Get started with Amazon S3 Access Points

Amazon S3 Access Points are a feature within Amazon S3 (Simple Storage Service) that simplify the management of data access at scale for applications or for any AWS service using shared data sets on S3. Each access point is a unique network endpoint (hostname) with its own access policies that describe how data can be accessed through the access point.

Customers with shared datasets including data lakes, media archives, and user-generated content can easily scale access for hundreds of applications by creating individualized access points with names and permissions customized for each application. Any access point can be restricted to a Virtual Private Cloud (VPC) to firewall S3 data access within customers’ private networks, and AWS Service Control Policies can be used to ensure all access points are VPC restricted. S3 Access Points are available in all regions at no additional cost.

How do S3 Access Points work?

Every access point is associated with a single bucket and contains a network origin control, and a Block Public Access control. For example, you can create an access point with a network origin control that only permits storage access from your Virtual Private Cloud, a logically isolated section of the AWS Cloud.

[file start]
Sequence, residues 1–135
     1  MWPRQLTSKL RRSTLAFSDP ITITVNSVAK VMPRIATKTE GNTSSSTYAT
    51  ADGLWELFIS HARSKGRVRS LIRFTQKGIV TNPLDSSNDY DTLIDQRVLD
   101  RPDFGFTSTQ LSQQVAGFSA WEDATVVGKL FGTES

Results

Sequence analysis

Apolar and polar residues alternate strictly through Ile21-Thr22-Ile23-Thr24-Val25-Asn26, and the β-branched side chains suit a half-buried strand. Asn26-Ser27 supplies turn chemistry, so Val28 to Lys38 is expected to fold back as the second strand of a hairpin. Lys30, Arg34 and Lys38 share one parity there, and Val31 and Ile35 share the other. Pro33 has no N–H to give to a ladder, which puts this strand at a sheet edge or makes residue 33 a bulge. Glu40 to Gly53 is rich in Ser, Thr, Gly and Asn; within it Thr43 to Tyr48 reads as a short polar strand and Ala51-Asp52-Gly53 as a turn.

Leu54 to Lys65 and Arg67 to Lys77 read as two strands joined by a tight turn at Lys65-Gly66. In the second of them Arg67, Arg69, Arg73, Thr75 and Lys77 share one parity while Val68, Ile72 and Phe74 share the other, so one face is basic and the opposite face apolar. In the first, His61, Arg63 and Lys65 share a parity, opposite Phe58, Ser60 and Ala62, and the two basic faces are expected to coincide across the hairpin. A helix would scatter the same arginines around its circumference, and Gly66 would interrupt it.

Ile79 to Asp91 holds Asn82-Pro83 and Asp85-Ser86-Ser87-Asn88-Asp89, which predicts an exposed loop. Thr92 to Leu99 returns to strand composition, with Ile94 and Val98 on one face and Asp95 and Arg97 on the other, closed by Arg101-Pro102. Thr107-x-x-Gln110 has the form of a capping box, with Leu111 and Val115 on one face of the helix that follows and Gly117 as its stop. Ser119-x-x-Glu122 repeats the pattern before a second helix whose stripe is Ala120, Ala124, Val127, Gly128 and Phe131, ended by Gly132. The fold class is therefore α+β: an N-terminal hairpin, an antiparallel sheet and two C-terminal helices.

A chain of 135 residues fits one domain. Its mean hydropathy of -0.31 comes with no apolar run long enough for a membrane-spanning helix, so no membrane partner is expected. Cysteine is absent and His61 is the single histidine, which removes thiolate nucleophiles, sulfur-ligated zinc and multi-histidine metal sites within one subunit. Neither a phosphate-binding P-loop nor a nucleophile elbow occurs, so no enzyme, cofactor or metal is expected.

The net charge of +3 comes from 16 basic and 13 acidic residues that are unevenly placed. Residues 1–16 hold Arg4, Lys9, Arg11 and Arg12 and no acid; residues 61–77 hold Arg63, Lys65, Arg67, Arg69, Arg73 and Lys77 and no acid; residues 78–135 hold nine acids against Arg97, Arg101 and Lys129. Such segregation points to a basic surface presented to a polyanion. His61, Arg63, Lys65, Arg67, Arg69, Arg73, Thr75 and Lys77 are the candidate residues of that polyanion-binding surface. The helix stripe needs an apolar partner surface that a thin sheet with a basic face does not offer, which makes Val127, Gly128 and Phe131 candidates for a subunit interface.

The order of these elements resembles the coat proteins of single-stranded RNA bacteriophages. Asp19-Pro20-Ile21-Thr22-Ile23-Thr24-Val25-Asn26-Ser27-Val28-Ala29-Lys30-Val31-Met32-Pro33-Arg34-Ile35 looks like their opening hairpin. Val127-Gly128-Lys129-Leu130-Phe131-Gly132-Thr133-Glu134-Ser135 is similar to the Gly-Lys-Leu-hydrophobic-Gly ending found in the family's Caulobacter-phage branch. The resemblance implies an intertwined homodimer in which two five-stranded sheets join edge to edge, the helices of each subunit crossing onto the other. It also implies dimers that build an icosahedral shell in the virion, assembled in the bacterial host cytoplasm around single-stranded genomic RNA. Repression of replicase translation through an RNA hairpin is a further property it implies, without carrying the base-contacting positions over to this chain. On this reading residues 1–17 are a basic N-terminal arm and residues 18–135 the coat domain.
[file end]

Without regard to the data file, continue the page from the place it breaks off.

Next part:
You can also create an access point with the access point policy configured to only allow access to objects with a defined prefixes or to objects with specific tags. For example, you can restrict access to the specific S3 prefixes in your bucket by using different access point policies for each endpoint. Each prefix can represent a specific department in your organization:

If you wish to provide public access to your data using access points, you must turn off Block Public Access at the bucket level. All new buckets have Block Public Access turned on by default.